The most challenging part of my process so far has been psychological. Do you know how poorly most woman understand their bits and pieces? And there we were going on about men needing to understand better….for obvious reasons ….. which I won’t discuss in public.
I surely ‘got’ how poorly I understood mine when having to work my way through several pages of Herrara’s book with detailed diagrams and the names of about 20 different areas of my nether-regions (or rather when I failed to). Never again shall I cast aspersions on any males lack of understanding of female bits and pieces.
The real confronting bit was realising I really didn’t want to be checking myself out quite this much. It’s just body parts after all and mine – why all the drama?
It was doubly confronting how much less I wanted to go and visit my Physio and have her ‘help’ me through this process (as super as she is – I’d rather meet her for a glass of wine and a laugh than a prod around said nether-regions). This ‘getting to know me’ process was hard enough in my own house with no less than five locks between me and any potential visitors to the front door (no jokes).
It gets worse, before it gets better – as Lauren’s early recommendation was the Therawand for ‘releasing my pelvic floor trigger points’. I went bravely online to purchase said Therawand. There I was ready to push ‘add to cart’, just looking at it triggered pain (look for yourself – my word???). There was a split second, when I nearly ran for the hills, keep the pain I thought. Fortunately for me I pushed through. It really is not as bad as it looks.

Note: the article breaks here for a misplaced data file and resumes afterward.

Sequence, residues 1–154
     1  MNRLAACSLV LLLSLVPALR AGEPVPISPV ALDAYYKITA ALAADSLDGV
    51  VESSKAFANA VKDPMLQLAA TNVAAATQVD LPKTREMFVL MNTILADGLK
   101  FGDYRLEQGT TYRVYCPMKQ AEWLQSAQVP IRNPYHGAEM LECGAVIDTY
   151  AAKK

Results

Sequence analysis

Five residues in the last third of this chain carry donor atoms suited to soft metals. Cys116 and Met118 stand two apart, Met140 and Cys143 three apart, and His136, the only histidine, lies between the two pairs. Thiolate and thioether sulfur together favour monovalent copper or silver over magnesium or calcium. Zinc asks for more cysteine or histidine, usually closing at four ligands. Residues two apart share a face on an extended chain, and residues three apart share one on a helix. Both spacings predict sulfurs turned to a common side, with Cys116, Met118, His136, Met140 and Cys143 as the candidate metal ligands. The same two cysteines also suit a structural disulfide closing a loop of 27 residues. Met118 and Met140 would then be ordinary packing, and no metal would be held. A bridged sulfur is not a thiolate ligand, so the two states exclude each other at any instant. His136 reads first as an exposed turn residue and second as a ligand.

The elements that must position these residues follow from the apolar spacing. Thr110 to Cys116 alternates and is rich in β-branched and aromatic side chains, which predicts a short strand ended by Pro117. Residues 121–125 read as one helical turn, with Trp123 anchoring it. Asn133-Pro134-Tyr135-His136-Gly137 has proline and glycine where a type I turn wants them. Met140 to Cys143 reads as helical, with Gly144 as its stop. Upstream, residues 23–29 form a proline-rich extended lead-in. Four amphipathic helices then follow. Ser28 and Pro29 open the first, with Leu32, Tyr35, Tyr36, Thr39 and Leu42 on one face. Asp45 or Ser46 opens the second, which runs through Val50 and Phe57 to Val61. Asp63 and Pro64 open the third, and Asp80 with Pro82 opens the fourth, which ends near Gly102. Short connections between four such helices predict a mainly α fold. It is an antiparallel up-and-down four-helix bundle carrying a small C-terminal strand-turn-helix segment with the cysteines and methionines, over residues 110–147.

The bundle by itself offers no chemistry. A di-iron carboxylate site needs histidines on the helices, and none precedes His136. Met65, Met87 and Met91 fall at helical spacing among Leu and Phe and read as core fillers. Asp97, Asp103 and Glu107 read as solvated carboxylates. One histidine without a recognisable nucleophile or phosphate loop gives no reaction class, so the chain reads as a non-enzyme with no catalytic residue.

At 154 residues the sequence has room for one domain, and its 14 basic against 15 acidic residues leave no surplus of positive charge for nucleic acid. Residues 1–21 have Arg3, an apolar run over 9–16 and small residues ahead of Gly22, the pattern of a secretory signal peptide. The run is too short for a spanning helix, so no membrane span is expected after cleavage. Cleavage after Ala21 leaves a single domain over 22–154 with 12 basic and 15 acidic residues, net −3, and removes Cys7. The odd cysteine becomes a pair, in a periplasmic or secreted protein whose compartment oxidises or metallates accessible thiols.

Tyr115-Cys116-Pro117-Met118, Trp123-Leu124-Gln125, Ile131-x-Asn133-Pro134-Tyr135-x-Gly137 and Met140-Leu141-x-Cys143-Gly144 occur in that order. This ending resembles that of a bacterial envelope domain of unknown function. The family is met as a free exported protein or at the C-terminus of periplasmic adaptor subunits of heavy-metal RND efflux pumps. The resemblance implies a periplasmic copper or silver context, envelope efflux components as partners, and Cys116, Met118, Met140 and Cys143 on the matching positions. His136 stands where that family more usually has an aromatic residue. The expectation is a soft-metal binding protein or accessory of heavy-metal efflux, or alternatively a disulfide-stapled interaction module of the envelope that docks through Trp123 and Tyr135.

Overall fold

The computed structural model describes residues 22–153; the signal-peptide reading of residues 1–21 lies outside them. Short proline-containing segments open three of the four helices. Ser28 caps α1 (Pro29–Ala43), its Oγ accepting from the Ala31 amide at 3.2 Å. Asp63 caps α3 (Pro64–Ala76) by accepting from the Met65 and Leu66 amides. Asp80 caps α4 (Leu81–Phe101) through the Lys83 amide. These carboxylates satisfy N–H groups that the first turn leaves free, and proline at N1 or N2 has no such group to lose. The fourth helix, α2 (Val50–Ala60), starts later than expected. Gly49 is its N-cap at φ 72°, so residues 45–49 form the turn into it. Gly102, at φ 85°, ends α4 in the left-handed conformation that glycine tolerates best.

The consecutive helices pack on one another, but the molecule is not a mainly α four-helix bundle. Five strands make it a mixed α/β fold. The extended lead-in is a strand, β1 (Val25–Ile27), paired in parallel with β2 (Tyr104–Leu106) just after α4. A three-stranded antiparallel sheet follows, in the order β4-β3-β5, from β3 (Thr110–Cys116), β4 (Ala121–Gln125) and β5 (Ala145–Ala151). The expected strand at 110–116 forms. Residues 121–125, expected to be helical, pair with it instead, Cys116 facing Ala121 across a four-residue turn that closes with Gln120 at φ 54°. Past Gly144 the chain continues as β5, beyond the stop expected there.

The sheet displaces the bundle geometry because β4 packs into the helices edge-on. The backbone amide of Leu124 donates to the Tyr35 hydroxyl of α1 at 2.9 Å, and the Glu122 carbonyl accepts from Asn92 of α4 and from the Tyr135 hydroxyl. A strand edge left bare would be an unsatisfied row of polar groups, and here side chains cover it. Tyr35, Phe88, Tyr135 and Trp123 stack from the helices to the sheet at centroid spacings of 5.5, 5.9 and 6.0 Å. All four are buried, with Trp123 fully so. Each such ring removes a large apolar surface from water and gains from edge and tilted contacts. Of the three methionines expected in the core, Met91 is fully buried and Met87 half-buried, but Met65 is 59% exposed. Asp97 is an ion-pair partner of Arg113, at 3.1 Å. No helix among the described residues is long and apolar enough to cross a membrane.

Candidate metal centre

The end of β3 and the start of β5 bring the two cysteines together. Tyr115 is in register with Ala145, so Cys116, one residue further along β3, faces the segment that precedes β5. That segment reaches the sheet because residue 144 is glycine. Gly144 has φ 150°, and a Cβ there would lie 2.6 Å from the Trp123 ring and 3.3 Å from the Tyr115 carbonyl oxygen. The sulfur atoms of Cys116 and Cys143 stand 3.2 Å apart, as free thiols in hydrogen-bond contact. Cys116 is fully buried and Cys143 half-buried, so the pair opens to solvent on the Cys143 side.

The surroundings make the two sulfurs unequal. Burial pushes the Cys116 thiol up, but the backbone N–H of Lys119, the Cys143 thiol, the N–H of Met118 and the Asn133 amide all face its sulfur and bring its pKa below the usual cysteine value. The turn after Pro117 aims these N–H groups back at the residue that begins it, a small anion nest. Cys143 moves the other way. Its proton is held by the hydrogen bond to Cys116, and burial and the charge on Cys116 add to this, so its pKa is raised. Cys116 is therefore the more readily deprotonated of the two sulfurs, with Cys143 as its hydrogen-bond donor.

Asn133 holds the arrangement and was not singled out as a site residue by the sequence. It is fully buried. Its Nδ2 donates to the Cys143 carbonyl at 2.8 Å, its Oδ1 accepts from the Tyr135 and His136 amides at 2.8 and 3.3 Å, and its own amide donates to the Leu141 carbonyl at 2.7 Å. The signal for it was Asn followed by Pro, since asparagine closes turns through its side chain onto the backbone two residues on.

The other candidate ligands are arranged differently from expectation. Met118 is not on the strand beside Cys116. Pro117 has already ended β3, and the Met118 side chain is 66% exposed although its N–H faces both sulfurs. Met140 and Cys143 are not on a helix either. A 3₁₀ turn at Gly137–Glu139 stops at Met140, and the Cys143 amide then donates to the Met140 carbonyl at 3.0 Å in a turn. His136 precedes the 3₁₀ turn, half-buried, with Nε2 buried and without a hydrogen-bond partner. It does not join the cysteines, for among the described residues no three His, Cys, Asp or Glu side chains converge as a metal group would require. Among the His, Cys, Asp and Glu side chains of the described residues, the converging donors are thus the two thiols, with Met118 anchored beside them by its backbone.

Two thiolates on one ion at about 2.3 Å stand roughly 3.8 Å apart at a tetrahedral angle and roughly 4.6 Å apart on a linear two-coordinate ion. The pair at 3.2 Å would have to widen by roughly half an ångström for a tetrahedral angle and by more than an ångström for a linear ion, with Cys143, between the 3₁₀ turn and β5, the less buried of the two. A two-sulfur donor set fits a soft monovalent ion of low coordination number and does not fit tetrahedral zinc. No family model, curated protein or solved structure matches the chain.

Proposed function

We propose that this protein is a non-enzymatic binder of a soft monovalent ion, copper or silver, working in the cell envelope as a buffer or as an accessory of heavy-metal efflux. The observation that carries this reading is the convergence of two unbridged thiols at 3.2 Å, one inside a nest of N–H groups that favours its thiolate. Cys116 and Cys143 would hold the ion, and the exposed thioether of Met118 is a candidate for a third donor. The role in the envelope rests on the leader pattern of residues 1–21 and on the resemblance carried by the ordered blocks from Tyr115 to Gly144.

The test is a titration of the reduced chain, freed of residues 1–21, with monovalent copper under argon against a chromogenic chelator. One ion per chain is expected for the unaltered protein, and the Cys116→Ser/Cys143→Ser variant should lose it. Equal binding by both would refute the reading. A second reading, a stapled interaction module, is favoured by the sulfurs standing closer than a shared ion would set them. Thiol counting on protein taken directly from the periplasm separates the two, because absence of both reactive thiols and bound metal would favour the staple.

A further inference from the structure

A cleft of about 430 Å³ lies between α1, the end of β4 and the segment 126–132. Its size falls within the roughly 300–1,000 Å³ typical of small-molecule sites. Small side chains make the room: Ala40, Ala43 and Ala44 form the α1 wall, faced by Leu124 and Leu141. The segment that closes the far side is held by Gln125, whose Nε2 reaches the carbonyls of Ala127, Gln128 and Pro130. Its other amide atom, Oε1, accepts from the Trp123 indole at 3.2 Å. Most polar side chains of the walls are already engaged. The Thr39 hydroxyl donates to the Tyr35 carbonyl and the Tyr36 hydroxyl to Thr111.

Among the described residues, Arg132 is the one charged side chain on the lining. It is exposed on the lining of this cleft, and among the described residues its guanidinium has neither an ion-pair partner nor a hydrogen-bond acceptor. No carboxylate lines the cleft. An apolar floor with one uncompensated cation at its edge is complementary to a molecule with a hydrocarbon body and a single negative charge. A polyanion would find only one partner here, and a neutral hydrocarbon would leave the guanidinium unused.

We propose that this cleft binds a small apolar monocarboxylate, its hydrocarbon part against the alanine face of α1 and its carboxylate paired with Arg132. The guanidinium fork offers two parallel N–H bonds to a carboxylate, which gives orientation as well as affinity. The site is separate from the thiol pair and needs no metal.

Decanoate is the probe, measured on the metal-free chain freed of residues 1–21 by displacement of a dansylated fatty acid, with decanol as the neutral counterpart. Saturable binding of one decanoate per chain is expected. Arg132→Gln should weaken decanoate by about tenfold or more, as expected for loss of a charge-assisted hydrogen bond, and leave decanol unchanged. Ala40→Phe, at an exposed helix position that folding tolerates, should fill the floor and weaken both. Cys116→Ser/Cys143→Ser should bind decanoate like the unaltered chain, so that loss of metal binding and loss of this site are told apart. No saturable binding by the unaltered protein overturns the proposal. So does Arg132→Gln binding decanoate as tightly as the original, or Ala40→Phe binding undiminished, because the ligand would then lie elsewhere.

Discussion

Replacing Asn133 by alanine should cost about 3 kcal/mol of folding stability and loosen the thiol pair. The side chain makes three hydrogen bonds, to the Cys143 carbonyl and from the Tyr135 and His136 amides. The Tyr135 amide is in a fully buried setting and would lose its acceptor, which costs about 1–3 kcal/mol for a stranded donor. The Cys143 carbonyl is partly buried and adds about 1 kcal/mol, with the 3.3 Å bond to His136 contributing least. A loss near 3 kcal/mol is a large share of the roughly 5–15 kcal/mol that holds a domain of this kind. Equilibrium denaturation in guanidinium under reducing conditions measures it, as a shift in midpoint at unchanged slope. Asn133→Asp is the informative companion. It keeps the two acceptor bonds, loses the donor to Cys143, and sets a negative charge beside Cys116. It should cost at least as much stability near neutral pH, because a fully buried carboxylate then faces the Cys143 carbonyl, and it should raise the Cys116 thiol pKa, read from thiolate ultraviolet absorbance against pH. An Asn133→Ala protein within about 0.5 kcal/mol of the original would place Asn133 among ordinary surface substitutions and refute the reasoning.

A week later I head with my Therawand in my bag to my session with Lauren to learn how to use it. I begin with flapping it around like some prop in a stand up routine as I prattle on. Nothing like a bit of humour to set everyone at ease … I always say. I’m not certain Lauren was so convinced, and she certainly wasn’t laughing.
We start with a wee exam to see how my pelvic floor is ‘feeling’. I am thrilled to discover that some of my activities are paying off. That I am “clearly more comfortable” in the process (let’s face it the only way was up). I was also pleased after grappling with all the complex diagrams in the book to hear that with the Therawand it was OK to just ‘feel my way through’ and that I was not going to be quizzed on the proper names for my bits and bobs.
Feeling my way through